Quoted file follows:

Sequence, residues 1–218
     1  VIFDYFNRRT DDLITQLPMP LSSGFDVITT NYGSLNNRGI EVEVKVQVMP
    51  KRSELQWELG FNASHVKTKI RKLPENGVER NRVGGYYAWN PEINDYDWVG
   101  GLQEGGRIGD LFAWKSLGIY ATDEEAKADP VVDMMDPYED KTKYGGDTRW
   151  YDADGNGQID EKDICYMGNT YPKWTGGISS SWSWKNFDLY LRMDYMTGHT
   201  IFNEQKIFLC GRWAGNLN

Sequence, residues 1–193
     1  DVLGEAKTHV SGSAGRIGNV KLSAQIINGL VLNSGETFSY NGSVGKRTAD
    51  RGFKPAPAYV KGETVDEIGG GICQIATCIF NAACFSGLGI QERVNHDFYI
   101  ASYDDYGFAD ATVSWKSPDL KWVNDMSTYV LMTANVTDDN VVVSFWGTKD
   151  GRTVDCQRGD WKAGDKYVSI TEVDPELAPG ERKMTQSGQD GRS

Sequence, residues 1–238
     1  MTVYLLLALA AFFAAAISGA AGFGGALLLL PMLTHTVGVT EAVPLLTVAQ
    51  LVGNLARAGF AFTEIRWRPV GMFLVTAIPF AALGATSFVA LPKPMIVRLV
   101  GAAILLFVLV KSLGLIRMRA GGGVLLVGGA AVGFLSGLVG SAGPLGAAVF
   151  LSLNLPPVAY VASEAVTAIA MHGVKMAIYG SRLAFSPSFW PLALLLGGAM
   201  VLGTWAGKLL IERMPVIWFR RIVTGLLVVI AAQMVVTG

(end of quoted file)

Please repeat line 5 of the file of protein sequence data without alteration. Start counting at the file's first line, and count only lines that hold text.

   151  YDADGNGQID EKDICYMGNT YPKWTGGISS SWSWKNFDLY LRMDYMTGHT